Mr. Regier was the only general manager questioned to say he believes there is a link, although he stressed he is not a medical expert. He also departed from most of his peers when he was asked for a solution.
“Get fighting out of the game,” Mr. Regier said. “I don’t know what else you can do.
“I’ve always thought, ultimately, society will remove it from the game. I don’t know when that will happen but I think it’s going to happen. I think there will come a time when it will no longer be an accepted part of the game.”
However one expert, Calgary Flames sports psychologist Dave Paskevich, also believes there is a connection.
Mr. Paskevich noted that in addition to the demands of his job, Mr. Rypien had to deal with the death of his girlfriend in a car accident when he was a teenager playing junior hockey.
“This is very anecdotal but having his girlfriend killed going to watch him play in junior, people say it might have been a trigger,” Mr. Paskevich said. “If he doesn’t have the requisite coping mechanisms, it could put him on the path to clinical depression. Then you couple that with the demands of his role [as an enforcer]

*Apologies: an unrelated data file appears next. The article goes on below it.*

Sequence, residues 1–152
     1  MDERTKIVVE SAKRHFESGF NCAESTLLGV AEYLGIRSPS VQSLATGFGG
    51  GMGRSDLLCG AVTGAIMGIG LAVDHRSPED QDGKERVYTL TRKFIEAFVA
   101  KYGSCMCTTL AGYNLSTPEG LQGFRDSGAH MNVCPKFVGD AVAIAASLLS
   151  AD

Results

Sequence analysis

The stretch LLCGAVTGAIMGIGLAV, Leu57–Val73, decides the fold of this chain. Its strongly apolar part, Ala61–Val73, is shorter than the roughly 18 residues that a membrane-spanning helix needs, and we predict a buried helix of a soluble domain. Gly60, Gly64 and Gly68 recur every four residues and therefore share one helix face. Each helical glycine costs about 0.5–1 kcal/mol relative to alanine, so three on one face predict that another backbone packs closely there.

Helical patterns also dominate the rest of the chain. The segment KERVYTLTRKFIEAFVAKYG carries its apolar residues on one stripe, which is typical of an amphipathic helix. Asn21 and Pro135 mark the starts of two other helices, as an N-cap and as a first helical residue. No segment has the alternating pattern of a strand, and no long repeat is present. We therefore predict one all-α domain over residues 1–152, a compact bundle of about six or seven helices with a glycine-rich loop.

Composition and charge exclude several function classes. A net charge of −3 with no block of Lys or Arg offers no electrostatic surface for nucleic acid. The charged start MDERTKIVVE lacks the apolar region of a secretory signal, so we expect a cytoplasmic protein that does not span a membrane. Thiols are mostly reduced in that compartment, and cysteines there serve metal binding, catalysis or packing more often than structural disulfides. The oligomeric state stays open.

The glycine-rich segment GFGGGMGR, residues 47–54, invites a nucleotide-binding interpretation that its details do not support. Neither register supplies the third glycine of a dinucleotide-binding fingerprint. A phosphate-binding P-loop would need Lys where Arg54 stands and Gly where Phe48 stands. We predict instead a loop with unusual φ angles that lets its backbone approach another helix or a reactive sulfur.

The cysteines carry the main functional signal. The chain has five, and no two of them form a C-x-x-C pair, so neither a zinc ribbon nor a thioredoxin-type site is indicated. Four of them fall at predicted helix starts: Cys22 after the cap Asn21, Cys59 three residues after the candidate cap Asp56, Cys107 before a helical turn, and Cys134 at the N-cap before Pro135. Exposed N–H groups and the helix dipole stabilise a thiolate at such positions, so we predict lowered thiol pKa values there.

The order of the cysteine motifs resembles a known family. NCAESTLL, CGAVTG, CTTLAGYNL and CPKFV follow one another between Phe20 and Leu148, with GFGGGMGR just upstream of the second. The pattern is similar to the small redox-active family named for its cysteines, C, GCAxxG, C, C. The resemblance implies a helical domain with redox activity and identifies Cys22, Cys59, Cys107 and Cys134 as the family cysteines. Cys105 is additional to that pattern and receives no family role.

“When you look at the NHL, you have to go on a case-by-case basis. The NHLPA goes to every club and tries to educate the players and obviously some players reach out. Depression is very personal. It’s important for the clubs to address it and I think more people are looking at coping skills and mental management now.”
Both NHL commissioner Gary Bettman and former player Mathieu Schneider, now special adviser to the NHL Players’ Association executive director, said Wednesday they believe the joint management-union programs, such as a 24-hour help line and the substance-abuse program, are effective. But both agreed they should be reviewed in the wake of the deaths of Mr. Rypien and Mr. Boogaard.
Mr. Schneider said part of the problem is the macho culture in all professional sports. It pushes players to ignore injuries and to keep psychological problems or mental illness to themselves.
“Maybe it would have been better if Rick [Rypien]had been able to lean on some teammates,” Mr. Schneider said. “But those types of things have always been kind of taboo. You just don’t talk about it, whether it’s the NFL, NBA or NHL.
“When a tragedy like this happens, you examine it and try to see what could have happened differently to make the outcome different. We all have to ask those questions.”
Colin Campbell, the NHL’s director of hockey operations, thinks each player’s case is unique and cannot necessarily be linked to common causes. But he says the league has a much different approach now than in the 1980s when he was an assistant coach with the Red Wings and unofficially in charge of trying to solve Mr. Probert’s substance-abuse problems, with little success. In those days, the official NHL response to any substance problem was usually a lifetime suspension.
“With the league you had no out, so you had to hide [the problem]” Mr. Campbell said. “It was so much harder. Now, it’s the opposite.
“With Bob [Probert] we’d sweep it under the carpet. We’d send him someplace for two weeks and bring him back. We couldn’t be upfront and use professionals.”